CEMC September 2017 Newsletter on Blockchain
by Anoop Nannra, Cisco
Over the last few years, I am sure that blockchain has been on the radar for most CEMC members. As early as 2014, blockchain has had a whirlwind effect on Wall Street with blockchain fintech companies sprouting from coast to coast—Manhattan’s FDR Drive to Silicon Valley— and abroad. Whether you are in retail or commercial finance, blockchain technology is here to stay and its adoption will undoubtedly have a lasting impact on the flow of financed assets.
The Alta Group estimates that equipment leasing represents almost $275B of the $1.7T equipment market. With billions at stake, it is easy to see why corporate practitioners of equipment financing are paying close attention to this technology. While certainly disruptive to many, for others, blockchain can be a catalyst.
Let me explain.
Blockchain: Disruptor and Catalyst
As a disruptor, blockchain technology has the promise to eliminate intermediaries—trusted middle men who help facilitate a transaction between two parties. The classic example here is the role that the Depository Trust and Clearing Corporate (DTCC) plays in the clearing and settlement of stock transactions. Stock traders and other parties trust the DTCC; however, buyers and sellers of stock do not need to know or trust each other in order to successfully complete a transaction. The mechanism of a “trusted middle man” has worked for decades on Wall Street and for centuries in the history of global commerce.
Enter from stage left: Blockchain.
Blockchain technologies—the secure and decentralized nature of transaction recording—has the potential to eliminate the middleman. When a transaction is executed between two or more parties on a blockchain network, a copy of that transaction is broadcast across the network for all parties to record. This is a huge disruption for the middleman; A network effect has replaced him.
Blockchain is also a catalyst. It’s an opportunity to correct sometimes decades old institutional behaviors that result in poor or inefficient business practices. Blockchain has the potential to re-write business processes. Case in point, it is reported that for syndicated lending the creation of institutional debt takes on average 21 days to complete. For example, if a corporate customer were to seek a $1B loan from its bank, the bank may not take on $1B worth of risk and instead spread the risk among a syndicate of institutional investors. Why does it take 21 days? The challenges around current and accurate data and document reconciliation cause inefficiencies. The process of capital formation for a debt instrument between a collection of investors can take a series of meetings and agreements using a slew of communications from emails, phone calls, and even antiquated devices such as fax machines. Many of the parties involved are working off their own disparate spreadsheets. With blockchain technology, data synchronization among all parties is guaranteed by the underlying technology, eliminating reconciliation challenges. All participants in a transaction are working on the exact same data set. End result: capital debt can be created in as little as 3 days. Net value offered by blockchain technology in this scenario is a 7x improvement in the velocity of money. It is clear that blockchain will impact financial business processes.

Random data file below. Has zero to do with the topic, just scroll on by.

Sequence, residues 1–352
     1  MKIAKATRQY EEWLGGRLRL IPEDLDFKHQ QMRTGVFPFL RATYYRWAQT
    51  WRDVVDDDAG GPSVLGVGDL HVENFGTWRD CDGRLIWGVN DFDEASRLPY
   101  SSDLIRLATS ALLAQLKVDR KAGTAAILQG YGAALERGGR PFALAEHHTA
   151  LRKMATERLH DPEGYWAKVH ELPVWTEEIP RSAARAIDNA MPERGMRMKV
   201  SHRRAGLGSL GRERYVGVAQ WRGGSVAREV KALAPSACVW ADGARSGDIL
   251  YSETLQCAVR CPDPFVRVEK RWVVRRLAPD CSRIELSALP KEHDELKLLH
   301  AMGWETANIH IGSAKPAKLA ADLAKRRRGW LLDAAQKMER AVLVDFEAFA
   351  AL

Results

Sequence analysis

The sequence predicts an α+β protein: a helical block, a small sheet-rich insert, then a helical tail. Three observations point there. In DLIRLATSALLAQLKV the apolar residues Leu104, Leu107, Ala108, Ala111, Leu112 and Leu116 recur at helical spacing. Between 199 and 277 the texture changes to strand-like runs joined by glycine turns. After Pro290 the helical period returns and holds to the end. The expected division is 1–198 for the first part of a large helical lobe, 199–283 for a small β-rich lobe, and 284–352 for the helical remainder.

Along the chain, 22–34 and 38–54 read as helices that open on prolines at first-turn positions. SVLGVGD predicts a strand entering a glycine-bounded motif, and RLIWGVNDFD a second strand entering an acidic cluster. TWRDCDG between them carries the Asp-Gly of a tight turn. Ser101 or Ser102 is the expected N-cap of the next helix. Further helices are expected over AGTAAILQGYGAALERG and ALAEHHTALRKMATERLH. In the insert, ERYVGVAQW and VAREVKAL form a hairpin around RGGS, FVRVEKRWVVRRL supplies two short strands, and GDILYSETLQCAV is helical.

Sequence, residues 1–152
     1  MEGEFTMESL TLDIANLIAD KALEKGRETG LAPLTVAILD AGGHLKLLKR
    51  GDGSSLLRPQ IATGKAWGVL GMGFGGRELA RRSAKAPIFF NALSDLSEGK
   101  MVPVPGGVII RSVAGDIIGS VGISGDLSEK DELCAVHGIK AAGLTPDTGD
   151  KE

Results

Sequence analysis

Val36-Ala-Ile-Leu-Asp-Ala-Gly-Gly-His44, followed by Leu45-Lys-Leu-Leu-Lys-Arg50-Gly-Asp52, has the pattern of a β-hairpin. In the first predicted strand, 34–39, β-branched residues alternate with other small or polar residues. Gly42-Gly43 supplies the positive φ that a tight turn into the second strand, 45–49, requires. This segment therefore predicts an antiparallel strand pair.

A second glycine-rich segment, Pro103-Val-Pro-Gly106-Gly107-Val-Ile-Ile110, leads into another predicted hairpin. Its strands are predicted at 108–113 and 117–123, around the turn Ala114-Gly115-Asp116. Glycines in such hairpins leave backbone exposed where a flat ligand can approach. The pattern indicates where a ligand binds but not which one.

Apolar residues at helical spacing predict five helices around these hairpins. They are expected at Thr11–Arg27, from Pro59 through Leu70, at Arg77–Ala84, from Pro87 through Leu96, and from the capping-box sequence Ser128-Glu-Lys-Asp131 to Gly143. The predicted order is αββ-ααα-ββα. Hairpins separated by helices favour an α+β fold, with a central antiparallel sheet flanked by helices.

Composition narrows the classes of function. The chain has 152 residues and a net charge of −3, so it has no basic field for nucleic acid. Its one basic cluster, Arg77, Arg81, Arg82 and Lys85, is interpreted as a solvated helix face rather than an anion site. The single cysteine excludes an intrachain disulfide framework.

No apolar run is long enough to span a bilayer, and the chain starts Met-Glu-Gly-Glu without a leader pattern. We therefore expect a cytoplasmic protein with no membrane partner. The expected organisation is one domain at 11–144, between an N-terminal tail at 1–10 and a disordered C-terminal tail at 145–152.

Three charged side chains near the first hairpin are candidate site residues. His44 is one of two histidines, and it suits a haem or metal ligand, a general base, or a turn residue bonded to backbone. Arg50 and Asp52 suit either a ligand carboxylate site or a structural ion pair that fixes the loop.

What about Planes, Trains, and Automobiles?
So now you may be asking, “What does this have to do with planes, trains, and automobiles?” Blockchain technology use cases extend to include any physical asset that can have digital representation, and therefore the Internet of Things (IoT). Let’s discuss blockchain’s underlying technology and its intersection with IoT.
First, what exactly is blockchain? Blockchain, which is best known as the enabler for cryptocurrency, is a distributed method of transferring and tracking value online via an ongoing list of transactions or records, called blocks. These blocks are cryptographically linked and validated in peer-to-peer networks, which makes it virtually impossible to alter data in any single block without altering data in all subsequent blocks—and these records are replicated in thousands of computers around the world.
Once a single transaction is validated and recorded, it is automatically updated everywhere on the network. In effect, blockchain enables any ecosystem of participants—enterprises, machines, or individuals—to securely exchange and distribute goods, services, data, and currency with assurances that it’s transparent to them, accurate and secure.